Hardware Repairs

Most Amiga hardware has now more than 20 years... so, yes, it is getting wiser but also needs some repairs. Here are some repairs and tips.

PS. Follow these tips at your own risks! I cannot (and won't) be responsible for any damage that you may cause!


Installing an ACA1230 or ACA1233

The ACA1230 and ACA1233 are accelerators for the A1200 from Individual Computers. They are modern and clean-built accelerators, using surface mounted components. They are without mobile parts (no fans!) and therefore totally silent... They are also plug-and-play!

The are actually very easy to install: just open up the trap door under the Amiga and gently slide them in, starting with the side with the "small connector" and twisting them straight to connect them tight. Then, close the trap, fire the Amiga, and enjoy!


Changing an Amiga 1200 PSU for a Modern, Standard ATX PSU

There are now lots of ATX PSU for sale for cheap in second-hand stores, which are in perfect conditions. They can be bought for less than $CA10 and used to effectively replace the old Amiga PSU with more power (watts) to support more extensions. There are a few steps to follow to use a ATX PSU: 

  1. Find a ATX PSU in good condition;
  2. Use the paper-clip trick to get it to switch on:
    1. In the 20-pin block going out from the ATX PSU, find the green wire (there's only one);
    2. There are two black ground cables beside it, find one of them (no matter which one);
    3. Connect the green and black wires using a paper-clip, then isolate it using electric tape;
    4. Plug and switch on the ATX PSU (when on, its fan should turn, even if briefly);
  3. Open the Amiga PSU and unsolder from the PSU the cable connecting to the Amiga;
  4. Connect the unsoldered end of the Amiga cable to the 20-pin block from the ATX PSU as explained here or here or as follows:


Mapping between Amiga PSU and ATX PSU wire colours
Amiga PSU ATX PSU Voltages
Red +5V
Black Black (Ground) 0V
Brown Yellow +12V
White Blue -12V
Yellow Shield, Unconnected


  1. Check carefully—twice!—the voltages between each pin of the Amiga connector, using a voltmeter. BEWARE of shortcuts!


 Pins and voltages of the Amiga power-plug


  1. Voilà ! You can now use your Amiga with a modern, standard—and powerful!—ATX PSU


Changing an Amiga 4000D PSU for a Modern, Meanwell PSU

I'm lucky to have a A4000 that works (still) very well, even its original PSU... but this PSU is 220V only and thus requires a heavy-duty, cumbersome, and ugly 110V-220V converter... Meanwhile, Meanwell produces sleak PSUs, perfect for Amigas.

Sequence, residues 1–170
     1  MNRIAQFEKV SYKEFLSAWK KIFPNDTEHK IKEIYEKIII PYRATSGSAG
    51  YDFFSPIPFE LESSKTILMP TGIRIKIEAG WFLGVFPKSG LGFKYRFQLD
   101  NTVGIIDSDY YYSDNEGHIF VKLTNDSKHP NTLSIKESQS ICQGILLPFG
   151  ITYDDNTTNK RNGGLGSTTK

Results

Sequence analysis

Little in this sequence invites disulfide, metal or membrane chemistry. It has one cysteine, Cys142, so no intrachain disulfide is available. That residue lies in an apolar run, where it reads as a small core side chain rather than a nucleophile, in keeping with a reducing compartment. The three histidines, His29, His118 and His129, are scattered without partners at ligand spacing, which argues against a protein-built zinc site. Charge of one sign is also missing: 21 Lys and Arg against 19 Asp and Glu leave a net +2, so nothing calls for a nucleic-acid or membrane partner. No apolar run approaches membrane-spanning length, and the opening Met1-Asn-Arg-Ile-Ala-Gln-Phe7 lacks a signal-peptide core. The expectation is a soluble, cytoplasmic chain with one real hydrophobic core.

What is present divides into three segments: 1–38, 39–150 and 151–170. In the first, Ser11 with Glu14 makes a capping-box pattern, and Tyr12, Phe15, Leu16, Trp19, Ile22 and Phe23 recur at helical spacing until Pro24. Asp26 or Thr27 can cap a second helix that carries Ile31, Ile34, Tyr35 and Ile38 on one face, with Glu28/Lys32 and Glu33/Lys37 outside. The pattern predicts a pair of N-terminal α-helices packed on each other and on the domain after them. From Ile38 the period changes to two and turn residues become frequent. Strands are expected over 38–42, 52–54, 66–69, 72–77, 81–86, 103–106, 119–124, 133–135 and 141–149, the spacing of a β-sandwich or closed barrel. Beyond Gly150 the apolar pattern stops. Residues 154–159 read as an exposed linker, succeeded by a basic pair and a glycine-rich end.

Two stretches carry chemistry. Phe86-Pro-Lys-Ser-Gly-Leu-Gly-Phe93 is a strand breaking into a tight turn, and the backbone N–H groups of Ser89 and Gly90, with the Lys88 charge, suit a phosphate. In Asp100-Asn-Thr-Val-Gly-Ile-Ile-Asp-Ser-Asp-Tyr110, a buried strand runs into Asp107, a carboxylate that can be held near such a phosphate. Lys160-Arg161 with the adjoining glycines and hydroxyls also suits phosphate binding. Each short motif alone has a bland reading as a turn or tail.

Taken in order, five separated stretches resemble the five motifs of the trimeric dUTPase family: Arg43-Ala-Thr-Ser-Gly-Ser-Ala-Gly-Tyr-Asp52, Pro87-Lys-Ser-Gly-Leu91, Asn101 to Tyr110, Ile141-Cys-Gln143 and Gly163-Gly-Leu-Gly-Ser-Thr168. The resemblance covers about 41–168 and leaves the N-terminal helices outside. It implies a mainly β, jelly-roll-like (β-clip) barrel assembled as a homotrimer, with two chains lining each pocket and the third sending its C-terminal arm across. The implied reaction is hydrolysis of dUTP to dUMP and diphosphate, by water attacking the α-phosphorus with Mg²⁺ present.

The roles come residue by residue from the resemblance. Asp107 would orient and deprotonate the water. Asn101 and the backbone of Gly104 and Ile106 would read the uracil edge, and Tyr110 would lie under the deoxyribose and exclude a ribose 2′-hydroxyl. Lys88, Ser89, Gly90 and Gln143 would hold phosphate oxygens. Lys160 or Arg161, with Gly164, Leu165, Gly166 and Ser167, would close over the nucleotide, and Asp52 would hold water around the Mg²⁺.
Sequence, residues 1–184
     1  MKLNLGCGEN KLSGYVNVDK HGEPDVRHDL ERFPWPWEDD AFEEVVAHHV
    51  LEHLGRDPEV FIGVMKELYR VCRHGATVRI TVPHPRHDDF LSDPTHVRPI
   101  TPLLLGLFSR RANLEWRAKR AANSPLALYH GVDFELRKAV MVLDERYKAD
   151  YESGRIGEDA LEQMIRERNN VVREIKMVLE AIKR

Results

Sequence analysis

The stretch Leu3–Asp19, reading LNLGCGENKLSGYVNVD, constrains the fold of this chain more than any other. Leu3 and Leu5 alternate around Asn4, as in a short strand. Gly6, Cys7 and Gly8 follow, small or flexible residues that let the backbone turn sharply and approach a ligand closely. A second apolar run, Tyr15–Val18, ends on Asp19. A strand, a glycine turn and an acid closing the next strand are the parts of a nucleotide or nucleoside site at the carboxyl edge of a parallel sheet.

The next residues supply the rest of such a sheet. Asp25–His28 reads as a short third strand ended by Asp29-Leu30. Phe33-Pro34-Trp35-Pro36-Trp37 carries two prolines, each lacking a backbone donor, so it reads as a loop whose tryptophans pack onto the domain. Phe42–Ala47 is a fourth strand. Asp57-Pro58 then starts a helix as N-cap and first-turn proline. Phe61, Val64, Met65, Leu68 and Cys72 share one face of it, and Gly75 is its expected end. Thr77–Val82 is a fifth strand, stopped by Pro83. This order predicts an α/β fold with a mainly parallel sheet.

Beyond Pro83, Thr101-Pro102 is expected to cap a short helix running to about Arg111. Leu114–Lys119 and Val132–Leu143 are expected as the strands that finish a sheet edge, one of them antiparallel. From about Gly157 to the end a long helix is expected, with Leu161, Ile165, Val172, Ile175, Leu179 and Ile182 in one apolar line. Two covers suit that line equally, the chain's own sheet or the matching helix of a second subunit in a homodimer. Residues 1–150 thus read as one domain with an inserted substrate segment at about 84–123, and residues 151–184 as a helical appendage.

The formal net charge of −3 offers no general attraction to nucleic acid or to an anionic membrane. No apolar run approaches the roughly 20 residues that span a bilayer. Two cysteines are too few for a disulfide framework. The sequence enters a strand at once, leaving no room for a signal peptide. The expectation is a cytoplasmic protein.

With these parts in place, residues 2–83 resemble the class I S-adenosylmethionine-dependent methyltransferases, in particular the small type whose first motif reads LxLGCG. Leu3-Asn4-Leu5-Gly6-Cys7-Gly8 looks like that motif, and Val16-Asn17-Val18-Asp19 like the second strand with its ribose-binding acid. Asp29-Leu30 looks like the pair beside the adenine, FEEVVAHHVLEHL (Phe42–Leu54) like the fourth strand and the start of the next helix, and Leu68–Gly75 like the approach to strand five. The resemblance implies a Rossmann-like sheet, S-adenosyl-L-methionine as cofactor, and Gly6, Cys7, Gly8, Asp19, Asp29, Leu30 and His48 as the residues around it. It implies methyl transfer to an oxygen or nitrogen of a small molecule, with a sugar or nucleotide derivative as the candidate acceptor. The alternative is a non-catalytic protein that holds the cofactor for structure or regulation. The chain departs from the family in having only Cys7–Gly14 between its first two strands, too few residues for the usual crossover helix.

TUMO found the Meanwell RPT-160B for me . This PSU takes anything between 90V to 240V and outputs +5V at 14A, +12V at 5A, and -12V at 1A. It also features a Power On Good signal. And it is (much) smaller than the original PSU so it fits perfectly in the original case .

Using some spare 18 gauge wires, 8 molex female pins, heat-shrink tubing, and 18-poles screw terminals, a soldering iron, and some patience, I desoldered the wires going in and out of the old PSU and reconnected them to the new Meanwell and it works very well!

On the original A4000D PSU, from the 6-pin, brown-redish, motherboard connector; the brown wire is the Power On Good signal:

  Yellow Orange Red Brown Blues
Theoretical +5V +12V -12V +5V Ground

(Off Load)

+4.95V +11.05V -12.05V +4.95V 0V

On the Meanwell RPT-160B, with the writings horizontal, CN3 above CN2, both on the right, vertical:

    1 2 3 4 5 6 7 8
CN3   Brown Blue  
Theoretical +5V Ground
Measured +5.07V 0V
CN2   Blue Blue Blue Blue Yellow Orange Red
Theoretical Ground Ground Ground Ground +5V +12V -12V
(Off Load)
0V 0V 0V 0V +5.07V +11.77V -12.17V
(On Load)
0V 0V 0V 0V +5.03V +11.86V -12.31V


In practice, this looks like:

Main Connector Original PSU Intermediate Wires
Output Wires Fitted 1 Connected Fitted 2


Fixing a A4000 Motherboard with Damage due to a Leaking Battery

I would not recommend trying to fix damage due to a leaking battery at home! Trust experts, like AmigaKit, even then find that difficult! In particular because the leak damaged "through holes" and connection under the memory sockets . Here are some pictures of the step to fix the damage, courtesy of AmigaKit: